This is not an unbiased review of her work. To be fair to myself, I think my opinion would be similarly glowing if it was unbiased; if, for example, I’d been handed a copy with no name on it. But I wasn’t handed a copy. I downloaded it from Judy’s site. In typical Judy fashion, she’s left the cost for her work up to the downloader. If you can’t afford to pay, don’t let that stop you. For Judy, getting the truth of the Love Project – the power of what she calls Fearless Love – out there, is more important than monetizing them.

To be clear, I love that. The only thing I love as much as her giving it away is the thought that every person that can afford to pay for them will, and that she’d be able to do a world tour on the profits (because then I could actually meet her).

I'm stoked about Linkin Park's new album...

...just sayin'...


P.S. What? You’re still here? Go! Sheesh…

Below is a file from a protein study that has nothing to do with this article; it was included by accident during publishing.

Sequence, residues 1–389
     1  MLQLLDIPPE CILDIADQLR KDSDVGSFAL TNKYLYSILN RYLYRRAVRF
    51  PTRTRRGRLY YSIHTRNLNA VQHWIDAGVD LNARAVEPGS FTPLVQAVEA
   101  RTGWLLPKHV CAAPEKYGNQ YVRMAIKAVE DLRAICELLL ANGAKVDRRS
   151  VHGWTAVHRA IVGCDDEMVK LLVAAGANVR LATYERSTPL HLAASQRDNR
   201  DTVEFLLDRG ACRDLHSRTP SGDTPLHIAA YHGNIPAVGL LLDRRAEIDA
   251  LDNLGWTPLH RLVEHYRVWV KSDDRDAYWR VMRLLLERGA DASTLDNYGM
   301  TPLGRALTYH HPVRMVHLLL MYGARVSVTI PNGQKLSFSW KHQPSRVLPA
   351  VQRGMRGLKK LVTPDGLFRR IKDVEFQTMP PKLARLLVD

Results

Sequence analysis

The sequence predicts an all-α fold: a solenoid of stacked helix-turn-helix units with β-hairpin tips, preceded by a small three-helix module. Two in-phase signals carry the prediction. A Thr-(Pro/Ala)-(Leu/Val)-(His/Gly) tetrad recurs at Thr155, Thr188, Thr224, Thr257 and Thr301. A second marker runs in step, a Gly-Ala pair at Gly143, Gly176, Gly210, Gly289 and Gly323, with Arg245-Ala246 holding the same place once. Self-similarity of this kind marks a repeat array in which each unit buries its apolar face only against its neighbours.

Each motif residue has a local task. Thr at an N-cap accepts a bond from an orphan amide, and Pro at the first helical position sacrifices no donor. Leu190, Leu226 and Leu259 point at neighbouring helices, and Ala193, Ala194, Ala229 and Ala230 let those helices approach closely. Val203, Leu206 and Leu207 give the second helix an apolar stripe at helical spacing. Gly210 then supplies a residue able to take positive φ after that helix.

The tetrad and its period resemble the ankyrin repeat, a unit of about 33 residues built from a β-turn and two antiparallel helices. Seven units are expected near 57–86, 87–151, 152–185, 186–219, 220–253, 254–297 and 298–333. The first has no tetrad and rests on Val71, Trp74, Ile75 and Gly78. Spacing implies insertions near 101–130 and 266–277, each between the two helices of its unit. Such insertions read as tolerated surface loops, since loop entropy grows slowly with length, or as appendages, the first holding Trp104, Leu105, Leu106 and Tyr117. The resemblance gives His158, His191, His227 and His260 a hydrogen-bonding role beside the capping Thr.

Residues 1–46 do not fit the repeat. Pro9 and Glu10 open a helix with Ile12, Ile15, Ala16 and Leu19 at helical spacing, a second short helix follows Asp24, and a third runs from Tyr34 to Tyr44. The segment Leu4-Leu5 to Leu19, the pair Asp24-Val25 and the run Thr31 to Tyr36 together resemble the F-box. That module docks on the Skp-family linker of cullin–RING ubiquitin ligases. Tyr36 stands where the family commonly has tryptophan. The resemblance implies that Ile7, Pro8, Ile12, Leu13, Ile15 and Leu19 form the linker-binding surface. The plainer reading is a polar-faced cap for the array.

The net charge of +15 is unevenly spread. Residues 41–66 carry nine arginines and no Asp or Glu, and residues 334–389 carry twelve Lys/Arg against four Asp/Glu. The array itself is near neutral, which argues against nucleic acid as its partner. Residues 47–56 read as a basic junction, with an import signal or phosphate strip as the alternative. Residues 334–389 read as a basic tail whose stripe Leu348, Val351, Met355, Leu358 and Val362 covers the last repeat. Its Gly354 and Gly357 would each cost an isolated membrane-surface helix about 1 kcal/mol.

Monday, June 4

blackout speakout

Wednesday, May 2

surfacing for a Liebster

The concept intrigued me profoundly, and on several levels: a collaborative blog that the host, Varun Kothamachu, intended to be an exploration of style and opinion from around the world; each new blogger recommended by the previous blogger; each week a new experience, a new perspective, a celebration of the things that make us unique and the things that unite us as humans.
I’ve kept tabs on the Vie Hebdomadaires site from the start, sometimes with a more participatory intent, other time – like the last several months with everything online – just lurking, reaching out regularly to touch it and assure myself that it was still there, still moving, growing, thriving.

Like most things, the thing that I love most about Vie Hebdomadaires is simply that it exists, that it aspires, that there is a journey happening there worth being a part of. It is an idea and an ideal, and it evolves. We should all be so lucky.